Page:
"A severe downturn could be just the opportunity the airline sector needs to clean up its act once and for all, said Robert Crandall, the former chief executive of AMR Corp.'s American Airlines and a veteran of the industry, on Tuesday."
That's the lede in a story from MarketWatch.
Crandall is quoted, "The events allowed for a needed capacity reductions that wouldn't have happened otherwise." The key word in all this is "opportunity." Now that the airlines have been forced to reduce capacity (number of available seats), will they resist the temptation to add more once economic recovery begins? This, you see, is the heart of the matter. Until very recently there was a huge supply of seats. This resulted in cheap fares—so cheap that the airlines really weren't making enough money to stay healthy.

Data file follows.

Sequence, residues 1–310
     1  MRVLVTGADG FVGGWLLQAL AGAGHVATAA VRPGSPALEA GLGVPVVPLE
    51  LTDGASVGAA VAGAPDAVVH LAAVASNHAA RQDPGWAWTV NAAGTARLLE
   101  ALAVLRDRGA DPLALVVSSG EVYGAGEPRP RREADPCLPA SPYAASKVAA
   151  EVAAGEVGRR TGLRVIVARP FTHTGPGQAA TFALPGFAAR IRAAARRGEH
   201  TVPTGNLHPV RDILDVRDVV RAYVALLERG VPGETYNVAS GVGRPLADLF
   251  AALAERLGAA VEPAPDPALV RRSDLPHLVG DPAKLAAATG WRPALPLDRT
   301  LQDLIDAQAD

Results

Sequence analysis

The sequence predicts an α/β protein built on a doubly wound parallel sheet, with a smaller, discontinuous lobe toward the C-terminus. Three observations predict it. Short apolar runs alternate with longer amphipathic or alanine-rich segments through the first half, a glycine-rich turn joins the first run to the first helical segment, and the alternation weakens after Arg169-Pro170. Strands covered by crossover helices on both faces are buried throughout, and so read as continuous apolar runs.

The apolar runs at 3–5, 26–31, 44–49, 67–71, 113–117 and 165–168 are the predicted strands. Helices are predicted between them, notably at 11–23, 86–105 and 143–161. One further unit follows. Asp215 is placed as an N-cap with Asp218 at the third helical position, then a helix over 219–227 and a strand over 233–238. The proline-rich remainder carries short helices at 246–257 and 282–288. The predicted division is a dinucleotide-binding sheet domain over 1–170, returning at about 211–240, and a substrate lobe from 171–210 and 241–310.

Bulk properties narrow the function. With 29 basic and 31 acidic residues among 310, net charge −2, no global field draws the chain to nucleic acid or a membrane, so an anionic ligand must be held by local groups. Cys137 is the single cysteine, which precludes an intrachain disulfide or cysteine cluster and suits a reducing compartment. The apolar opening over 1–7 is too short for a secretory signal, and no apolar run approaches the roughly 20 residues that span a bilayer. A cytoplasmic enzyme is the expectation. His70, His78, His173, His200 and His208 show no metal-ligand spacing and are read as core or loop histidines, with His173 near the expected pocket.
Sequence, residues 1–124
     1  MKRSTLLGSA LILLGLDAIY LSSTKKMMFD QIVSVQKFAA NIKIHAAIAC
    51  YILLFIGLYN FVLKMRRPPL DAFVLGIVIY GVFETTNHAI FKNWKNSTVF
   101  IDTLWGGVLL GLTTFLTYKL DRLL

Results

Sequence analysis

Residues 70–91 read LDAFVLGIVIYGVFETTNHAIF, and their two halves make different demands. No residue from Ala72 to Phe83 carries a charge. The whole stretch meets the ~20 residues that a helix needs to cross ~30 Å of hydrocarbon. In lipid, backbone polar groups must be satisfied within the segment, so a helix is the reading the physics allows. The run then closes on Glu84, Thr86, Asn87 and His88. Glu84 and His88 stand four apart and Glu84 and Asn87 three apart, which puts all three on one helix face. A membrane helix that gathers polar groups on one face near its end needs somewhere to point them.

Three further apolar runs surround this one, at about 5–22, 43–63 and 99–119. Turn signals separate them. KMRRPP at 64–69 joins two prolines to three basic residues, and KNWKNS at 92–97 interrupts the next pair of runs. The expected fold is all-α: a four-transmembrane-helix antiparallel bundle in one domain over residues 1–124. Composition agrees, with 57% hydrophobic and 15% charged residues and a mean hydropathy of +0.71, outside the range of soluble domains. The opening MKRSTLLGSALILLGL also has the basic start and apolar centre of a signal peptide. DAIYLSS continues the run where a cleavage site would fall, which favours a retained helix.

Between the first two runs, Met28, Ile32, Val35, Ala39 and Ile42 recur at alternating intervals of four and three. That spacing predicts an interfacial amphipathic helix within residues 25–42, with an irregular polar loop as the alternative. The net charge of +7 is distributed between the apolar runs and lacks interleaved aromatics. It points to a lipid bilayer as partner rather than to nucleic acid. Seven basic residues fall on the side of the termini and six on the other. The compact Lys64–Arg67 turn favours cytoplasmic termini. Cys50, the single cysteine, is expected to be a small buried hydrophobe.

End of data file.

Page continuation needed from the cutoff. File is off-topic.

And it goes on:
Now that they've cut supply, they should be able to keep fares high. But if history is any guide, some airline will start doing so well that it will think, "Hey, if we add more seats we can make more money." Problem is, other airlines will follow: supply goes up; fares go down; airline bottom line suffers.
Read the rest of the MarketWatch story here.